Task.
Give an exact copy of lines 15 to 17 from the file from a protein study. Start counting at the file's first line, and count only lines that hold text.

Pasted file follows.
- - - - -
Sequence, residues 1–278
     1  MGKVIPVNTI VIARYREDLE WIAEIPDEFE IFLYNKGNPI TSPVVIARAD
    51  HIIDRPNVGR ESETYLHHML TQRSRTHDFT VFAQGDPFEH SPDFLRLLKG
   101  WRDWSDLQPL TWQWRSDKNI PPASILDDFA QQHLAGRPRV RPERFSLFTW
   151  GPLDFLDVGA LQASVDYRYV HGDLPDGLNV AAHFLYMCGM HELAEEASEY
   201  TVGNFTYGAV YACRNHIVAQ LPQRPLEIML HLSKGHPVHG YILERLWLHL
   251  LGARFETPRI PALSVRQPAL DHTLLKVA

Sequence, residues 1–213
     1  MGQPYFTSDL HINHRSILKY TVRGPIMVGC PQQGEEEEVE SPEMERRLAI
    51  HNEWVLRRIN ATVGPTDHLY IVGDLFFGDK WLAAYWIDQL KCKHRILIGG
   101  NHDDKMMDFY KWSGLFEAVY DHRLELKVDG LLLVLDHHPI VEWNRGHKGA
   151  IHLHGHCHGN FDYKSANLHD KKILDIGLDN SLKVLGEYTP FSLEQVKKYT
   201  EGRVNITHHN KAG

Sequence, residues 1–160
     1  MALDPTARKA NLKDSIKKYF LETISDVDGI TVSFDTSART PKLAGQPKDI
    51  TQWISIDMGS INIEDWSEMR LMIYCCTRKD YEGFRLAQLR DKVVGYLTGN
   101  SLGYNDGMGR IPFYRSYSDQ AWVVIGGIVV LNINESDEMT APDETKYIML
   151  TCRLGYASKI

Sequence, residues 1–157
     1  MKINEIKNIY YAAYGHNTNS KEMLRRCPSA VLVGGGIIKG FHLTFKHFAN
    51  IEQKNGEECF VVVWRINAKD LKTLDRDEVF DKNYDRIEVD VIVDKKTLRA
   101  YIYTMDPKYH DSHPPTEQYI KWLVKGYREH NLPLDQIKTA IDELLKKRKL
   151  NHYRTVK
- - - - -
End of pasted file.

     1  MALDPTARKA NLKDSIKKYF LETISDVDGI TVSFDTSART PKLAGQPKDI
    51  TQWISIDMGS INIEDWSEMR LMIYCCTRKD YEGFRLAQLR DKVVGYLTGN
   101  SLGYNDGMGR IPFYRSYSDQ AWVVIGGIVV LNINESDEMT APDETKYIML